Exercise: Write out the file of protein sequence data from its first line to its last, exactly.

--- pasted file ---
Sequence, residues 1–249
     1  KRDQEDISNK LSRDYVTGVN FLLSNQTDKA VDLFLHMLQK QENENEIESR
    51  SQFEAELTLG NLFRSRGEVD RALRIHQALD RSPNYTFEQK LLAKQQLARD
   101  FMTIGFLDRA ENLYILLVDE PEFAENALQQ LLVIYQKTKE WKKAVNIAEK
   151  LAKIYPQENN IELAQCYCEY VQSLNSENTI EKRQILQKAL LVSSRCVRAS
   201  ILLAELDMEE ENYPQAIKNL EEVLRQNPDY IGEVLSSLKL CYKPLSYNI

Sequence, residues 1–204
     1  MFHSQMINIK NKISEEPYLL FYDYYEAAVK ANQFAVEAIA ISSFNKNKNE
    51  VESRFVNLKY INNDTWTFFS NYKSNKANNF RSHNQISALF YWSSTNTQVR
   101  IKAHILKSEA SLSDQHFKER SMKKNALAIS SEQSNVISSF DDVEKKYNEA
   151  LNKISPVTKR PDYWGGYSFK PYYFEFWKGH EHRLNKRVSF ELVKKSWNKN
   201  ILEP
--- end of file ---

Sequence, residues 1–249
     1  KRDQEDISNK LSRDYVTGVN FLLSNQTDKA VDLFLHMLQK QENENEIESR
    51  SQFEAELTLG NLFRSRGEVD RALRIHQALD RSPNYTFEQK LLAKQQLARD
   101  FMTIGFLDRA ENLYILLVDE PEFAENALQQ LLVIYQKTKE WKKAVNIAEK
   151  LAKIYPQENN IELAQCYCEY VQSLNSENTI EKRQILQKAL LVSSRCVRAS
   201  ILLAELDMEE ENYPQAIKNL EEVLRQNPDY IGEVLSSLKL CYKPLSYNI

Sequence, residues 1–204
     1  MFHSQMINIK NKISEEPYLL FYDYYEAAVK ANQFAVEAIA ISSFNKNKNE
    51  VESRFVNLKY INNDTWTFFS NYKSNKANNF RSHNQISALF YWSSTNTQVR
   101  IKAHILKSEA SLSDQHFKER SMKKNALAIS SEQSNVISSF DDVEKKYNEA
   151  LNKISPVTKR PDYWGGYSFK PYYFEFWKGH EHRLNKRVSF ELVKKSWNKN
   201  ILEP